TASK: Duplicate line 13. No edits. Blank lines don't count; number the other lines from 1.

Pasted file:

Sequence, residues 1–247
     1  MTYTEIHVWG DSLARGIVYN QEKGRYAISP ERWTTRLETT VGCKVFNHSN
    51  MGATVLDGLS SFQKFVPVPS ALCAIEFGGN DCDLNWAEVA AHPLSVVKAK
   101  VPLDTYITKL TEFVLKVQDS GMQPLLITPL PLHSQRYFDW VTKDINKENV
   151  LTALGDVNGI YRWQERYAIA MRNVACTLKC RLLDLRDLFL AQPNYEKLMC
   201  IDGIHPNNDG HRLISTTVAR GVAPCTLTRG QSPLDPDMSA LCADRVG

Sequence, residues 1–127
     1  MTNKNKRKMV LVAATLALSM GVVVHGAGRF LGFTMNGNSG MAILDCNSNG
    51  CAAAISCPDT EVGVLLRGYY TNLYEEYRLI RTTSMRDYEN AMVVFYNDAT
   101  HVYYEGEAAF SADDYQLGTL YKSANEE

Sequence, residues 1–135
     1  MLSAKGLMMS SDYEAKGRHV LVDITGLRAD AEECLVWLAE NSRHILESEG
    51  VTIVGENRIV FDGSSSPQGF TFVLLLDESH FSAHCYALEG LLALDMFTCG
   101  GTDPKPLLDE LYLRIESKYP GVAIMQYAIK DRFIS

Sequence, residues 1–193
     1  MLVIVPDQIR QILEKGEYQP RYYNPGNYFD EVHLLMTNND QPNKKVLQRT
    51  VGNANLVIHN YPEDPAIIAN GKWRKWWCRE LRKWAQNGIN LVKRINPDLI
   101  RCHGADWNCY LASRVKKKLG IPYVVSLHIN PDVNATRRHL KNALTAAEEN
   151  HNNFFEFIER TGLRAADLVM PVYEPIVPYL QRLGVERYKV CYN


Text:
    51  VTIVGENRIV FDGSSSPQGF TFVLLLDESH FSAHCYALEG LLALDMFTCG